Disc rot

Disc rot
Disc rot

Disc rot is a phrase describing the tendency of CD or DVD or other optical disks to become unreadable due to physical or chemical deterioration. The causes of this effect vary from oxidation of the reflective layer, to physical scuffing and abrasion of disk surfaces or edges, including visible scratches, to other kinds of reactions with contaminants, to ultra-violet light damage and de-bonding of the adhesive used to adhere the layers of the disc together.



In CDs, the reflective layer is immediately beneath a thin protective layer of lacquer, and is also exposed at the edge of the disk. The lacquer protecting the edge of an optical disk can usually be seen without magnification. It is rarely uniformly thick; thickness variations are usually visible. The reflective layer is typically aluminum, which reacts easily with several commonly encountered chemicals such as oxygen, sulphur, and certain ions carried by condensed water. In ordinary use a surface layer of aluminum oxide is formed very quickly when an aluminum surface is exposed to the atmosphere; it serves as passivation for the bulk aluminum with regard to many but not all contaminants. CD reflective layers are so thin that this passivation is less effective. In the case of CD-R and CD-RW media, the materials used in the reflecting layer are more complex than a simple aluminum layer, but also can present problems if contaminated. The thin 10-20 thousandths of an inch layer of protective lacquer is equivalent.

DVDs have a different structure from CDs, using a plastic disc over the reflecting layer. This means that a scratch on either surface of a DVD is not as likely to reach the reflective layer and expose it to environmental contamination and perhaps to cause corrosion, perhaps progressive corrosion. Each type of optical disk thus has different susceptibility to contamination and corrosion of its reflecting layer; furthermore, the writeable and re-writable versions of each optical disk type are somewhat different as well. Finally, disks made with gold as the reflecting layer are considerably less vulnerable to corrosion problems, though no less susceptible to physical damage to that layer. Because they are less expensive, the industry has adopted aluminum reflecting layers as the standard for factory pressed optical disks.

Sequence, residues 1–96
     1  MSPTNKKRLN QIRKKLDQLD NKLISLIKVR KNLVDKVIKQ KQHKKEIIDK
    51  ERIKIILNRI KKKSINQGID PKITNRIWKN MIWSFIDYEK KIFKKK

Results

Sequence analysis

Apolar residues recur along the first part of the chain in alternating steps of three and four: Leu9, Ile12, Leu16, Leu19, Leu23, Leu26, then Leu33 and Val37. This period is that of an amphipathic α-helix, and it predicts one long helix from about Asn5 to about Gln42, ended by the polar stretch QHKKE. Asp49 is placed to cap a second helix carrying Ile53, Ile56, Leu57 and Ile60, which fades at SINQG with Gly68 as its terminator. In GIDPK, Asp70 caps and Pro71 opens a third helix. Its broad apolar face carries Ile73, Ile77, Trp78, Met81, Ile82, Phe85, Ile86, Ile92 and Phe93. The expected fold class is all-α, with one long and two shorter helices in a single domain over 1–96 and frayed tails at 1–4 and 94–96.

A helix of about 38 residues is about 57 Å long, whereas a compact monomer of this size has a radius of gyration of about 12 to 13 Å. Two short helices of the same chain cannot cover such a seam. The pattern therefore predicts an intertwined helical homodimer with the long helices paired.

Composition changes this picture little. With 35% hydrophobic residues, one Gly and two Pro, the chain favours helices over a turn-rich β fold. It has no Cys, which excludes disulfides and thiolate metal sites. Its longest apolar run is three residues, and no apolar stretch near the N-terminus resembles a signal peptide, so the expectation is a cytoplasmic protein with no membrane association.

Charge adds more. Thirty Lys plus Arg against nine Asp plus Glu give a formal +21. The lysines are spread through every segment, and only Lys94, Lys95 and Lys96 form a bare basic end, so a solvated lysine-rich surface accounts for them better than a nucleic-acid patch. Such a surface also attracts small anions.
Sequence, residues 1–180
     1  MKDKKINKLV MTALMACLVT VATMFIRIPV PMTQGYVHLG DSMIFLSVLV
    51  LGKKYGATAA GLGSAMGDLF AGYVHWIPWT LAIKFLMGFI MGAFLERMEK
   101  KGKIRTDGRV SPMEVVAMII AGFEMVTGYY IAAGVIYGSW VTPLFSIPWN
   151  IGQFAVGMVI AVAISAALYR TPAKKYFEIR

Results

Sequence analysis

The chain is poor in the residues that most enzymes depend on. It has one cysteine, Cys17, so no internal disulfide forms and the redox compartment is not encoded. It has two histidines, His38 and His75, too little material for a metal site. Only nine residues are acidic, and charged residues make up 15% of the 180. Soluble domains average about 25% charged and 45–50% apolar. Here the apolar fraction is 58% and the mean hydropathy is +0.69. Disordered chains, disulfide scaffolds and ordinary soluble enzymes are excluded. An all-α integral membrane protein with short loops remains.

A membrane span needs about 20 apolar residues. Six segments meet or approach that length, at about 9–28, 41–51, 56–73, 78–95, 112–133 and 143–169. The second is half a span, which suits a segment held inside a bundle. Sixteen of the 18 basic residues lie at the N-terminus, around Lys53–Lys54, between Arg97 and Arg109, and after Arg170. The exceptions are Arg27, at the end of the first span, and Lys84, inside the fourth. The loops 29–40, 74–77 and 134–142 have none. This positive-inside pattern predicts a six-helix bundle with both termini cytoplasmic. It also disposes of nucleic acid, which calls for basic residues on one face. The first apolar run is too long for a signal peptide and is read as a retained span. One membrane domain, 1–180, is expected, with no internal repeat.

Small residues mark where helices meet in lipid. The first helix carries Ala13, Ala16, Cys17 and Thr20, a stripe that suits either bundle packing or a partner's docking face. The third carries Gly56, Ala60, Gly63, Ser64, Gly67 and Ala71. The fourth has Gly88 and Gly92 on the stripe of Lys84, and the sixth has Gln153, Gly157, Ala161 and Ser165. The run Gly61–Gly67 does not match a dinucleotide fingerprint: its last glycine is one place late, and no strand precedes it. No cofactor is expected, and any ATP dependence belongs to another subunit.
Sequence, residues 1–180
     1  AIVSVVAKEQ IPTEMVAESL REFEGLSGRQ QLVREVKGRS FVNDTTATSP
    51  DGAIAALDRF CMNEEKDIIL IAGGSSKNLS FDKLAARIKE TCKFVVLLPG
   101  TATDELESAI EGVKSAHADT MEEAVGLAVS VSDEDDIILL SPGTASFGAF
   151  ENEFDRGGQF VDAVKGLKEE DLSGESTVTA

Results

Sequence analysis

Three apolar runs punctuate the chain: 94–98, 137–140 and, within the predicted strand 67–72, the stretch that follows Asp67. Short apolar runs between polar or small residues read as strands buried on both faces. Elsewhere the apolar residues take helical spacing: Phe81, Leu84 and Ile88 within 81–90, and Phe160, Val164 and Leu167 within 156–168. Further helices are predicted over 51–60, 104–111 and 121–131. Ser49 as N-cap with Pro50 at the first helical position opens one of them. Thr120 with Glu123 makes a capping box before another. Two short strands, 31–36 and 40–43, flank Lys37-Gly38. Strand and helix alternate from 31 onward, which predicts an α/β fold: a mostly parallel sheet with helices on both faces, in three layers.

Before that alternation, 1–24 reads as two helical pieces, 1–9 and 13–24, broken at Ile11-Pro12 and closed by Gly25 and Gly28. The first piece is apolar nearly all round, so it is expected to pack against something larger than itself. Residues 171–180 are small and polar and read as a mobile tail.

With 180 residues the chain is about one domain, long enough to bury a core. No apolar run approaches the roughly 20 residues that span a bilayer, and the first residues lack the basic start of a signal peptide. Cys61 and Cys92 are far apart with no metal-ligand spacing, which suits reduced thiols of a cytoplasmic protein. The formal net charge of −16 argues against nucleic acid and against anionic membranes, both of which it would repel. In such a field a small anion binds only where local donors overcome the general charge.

Signs of disc rot

On CDs, the rot becomes visually noticeable in two ways:

  1. When the CD is held up to a strong light, light shines through several pin-prick-sized holes.[1]
  2. Discoloration of the disc, which looks like a coffee stain on the disc. See also CD bronzing.[1]

In audio CDs, the rot leads to scrambled or skipped audio or even the inability to play a track.

A Philips press officer has declared CD rot to be an isolated problem affecting only an "absolute minority" of cases. PDO has offered to replace any discs affected by CD bronzing if supplied with the defective disk and proof of purchase. However, according to the website of one of the affected record companies, Hyperion, PDO's helpline was discontinued in 2006 after a change of ownership, and defective CDs are now no longer replaced by the manufacturer, even though some of the affected record labels continue to offer replacements.[2]


Laser rot

Laser rot on a 1981 MCA Discovision pressing of The Electric Horseman.

Laser rot was a disc rot phenomenon observed by some users of the Laserdisc format in which audio or video quality began to degrade over time. It was generally attributed to oxidation in the aluminum layers by poor quality adhesives used to bond the disc halves together. Single-sided video disks did not appear to suffer from laser rot while double-sided disks did. The name "laser rot" is a misnomer—the disc degradation does not involve the player's laser.

Laser rot was indicated by the appearance of multi-colored speckles appearing in the video output of a laserdisc during playback. The speckles increased in volume and frequency as the disc continued to degrade. Much of the early production run of MCA DiscoVision Discs had severe laser rot. Many DiscoVision titles have ceased to function since their pressings in the late 1970s.

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External links

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